The NASAThis week, the US space agency released the sound of the impact of space rocks on Mars (See the video above).
The sound was detected by the Insight spacecraft, whose mission is to study the “inner space” of Mars: its crust, mantle and core. The probe arrived at the Red Planet in 2018, and its instruments allow it to detect various seismic activities inside the planet..
Scientists believe the noise was caused by a series of impacts in September 2021, when a meteorite (fragments of space rock) It entered the Martian atmosphere and exploded into at least three fragments, leaving a crater behind.
A satellite orbiting the Red Planet has also confirmed drilling sites, 290 kilometers from the probe, in an area called Elysium Planitia. (See image below).
The space agency also explains that the distinctive sound of the collision, which sounds a bit like a metal plate in the wind here on Earth, is due to a planet’s own atmospheric effect, which distorts the bass and treble.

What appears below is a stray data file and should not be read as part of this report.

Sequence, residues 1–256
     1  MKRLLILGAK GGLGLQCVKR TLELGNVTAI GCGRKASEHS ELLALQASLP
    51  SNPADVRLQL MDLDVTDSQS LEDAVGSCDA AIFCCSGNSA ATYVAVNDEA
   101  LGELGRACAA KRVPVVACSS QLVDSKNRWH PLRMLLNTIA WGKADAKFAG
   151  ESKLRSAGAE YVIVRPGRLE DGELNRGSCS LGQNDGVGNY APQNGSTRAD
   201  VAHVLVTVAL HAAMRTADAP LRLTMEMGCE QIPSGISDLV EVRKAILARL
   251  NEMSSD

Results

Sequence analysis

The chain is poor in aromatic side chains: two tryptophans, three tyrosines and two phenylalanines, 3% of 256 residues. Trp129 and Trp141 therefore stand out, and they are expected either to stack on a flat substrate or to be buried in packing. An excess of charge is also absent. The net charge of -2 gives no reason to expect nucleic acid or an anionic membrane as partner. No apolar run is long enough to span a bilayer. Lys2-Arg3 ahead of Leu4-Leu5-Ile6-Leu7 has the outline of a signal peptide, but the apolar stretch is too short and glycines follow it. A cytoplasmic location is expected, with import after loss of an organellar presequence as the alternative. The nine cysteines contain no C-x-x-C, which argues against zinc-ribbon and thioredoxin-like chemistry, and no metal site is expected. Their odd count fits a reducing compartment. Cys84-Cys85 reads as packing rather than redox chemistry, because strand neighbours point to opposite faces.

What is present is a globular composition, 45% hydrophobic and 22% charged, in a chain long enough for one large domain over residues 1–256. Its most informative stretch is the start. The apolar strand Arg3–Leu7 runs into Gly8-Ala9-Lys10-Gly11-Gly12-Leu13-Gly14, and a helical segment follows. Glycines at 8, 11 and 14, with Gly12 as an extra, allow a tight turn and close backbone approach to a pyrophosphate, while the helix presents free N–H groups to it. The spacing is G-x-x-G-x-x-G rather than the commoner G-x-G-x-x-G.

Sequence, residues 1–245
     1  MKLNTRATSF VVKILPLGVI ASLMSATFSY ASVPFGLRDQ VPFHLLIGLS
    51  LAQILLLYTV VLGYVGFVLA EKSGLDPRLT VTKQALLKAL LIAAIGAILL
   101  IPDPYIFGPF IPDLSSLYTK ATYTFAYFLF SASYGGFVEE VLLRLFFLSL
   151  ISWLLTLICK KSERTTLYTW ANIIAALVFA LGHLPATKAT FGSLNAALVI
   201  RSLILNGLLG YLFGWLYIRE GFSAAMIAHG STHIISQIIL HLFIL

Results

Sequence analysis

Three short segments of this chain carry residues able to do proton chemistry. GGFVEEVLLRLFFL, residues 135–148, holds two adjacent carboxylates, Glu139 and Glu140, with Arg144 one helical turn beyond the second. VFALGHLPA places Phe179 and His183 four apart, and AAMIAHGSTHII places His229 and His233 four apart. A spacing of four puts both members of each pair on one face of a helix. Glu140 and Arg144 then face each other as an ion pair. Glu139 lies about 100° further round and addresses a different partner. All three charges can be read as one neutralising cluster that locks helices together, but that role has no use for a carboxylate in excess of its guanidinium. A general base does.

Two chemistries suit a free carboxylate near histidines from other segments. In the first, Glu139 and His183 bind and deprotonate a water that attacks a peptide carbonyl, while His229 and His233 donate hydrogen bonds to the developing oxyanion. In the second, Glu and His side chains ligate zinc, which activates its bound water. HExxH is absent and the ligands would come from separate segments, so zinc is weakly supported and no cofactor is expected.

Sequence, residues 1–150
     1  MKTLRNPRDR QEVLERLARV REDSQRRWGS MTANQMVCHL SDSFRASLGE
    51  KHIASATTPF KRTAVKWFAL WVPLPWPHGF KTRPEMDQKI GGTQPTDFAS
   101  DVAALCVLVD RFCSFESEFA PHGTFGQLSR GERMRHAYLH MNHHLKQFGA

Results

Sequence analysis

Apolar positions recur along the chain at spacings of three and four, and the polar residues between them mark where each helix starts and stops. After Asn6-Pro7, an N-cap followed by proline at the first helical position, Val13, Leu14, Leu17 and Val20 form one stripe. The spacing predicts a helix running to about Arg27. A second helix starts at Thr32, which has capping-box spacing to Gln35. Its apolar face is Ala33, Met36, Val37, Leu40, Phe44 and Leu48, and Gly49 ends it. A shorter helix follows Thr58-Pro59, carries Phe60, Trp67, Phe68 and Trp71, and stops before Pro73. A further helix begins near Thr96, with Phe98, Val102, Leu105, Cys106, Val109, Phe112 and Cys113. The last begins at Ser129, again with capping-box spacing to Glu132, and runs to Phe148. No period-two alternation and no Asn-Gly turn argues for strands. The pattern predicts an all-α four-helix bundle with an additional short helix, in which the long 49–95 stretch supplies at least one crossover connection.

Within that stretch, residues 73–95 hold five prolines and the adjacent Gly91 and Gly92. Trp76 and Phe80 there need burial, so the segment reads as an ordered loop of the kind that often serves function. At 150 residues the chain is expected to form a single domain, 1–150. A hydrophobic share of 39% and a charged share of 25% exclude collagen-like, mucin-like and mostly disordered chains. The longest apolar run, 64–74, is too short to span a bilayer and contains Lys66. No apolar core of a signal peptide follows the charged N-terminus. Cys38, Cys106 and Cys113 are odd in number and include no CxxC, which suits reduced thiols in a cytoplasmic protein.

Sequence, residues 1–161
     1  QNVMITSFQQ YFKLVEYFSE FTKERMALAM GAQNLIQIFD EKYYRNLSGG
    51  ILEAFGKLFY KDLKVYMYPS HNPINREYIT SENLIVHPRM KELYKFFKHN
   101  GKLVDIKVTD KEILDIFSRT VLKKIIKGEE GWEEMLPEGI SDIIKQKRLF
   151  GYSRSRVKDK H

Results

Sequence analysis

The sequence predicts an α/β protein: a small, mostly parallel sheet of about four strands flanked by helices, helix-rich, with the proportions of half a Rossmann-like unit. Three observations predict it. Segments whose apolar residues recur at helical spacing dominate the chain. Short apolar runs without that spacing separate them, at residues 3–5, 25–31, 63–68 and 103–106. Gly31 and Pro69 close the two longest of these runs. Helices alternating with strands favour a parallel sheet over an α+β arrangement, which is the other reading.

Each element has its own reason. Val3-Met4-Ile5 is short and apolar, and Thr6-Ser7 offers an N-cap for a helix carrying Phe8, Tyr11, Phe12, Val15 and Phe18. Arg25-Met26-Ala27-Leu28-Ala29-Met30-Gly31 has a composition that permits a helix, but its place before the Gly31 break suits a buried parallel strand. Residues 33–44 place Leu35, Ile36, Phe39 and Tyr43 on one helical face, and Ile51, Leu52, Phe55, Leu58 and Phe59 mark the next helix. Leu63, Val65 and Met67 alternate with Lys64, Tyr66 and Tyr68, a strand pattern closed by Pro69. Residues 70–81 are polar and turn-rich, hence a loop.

An image released by NASA shows impact craters. Photo: NASA/JPL-Caltech/University of Arizona
“After three years of waiting for InSight to discover an impact, these craters looked beautiful,” said Ingrid Dubar of Brown University, a research co-author and expert on impacts on Mars, in a statement.
NASA further explains that images of the crater provide scientists with important clues about the Red Planet’s past and internal structure, as scientists can approximate the age of the planet’s surface by calculating its impact craters: the more they appear, the older the star’s surface.
“The effects are like clocks in the solar system,” said lead author Rafael Garcia of the Higher Institute of Space and Effects in Toulouse, France. “We need to know the impact rate today to estimate the age of the different surfaces.”
The InSight mission team also suspects that other effects may have been masked by wind noise or seasonal changes in the Martian atmosphere, but they are now hopeful that more discoveries will emerge before the probe finishes its mission.
The space agency’s engineers believe that the probe may close between October of this year and January 2023.
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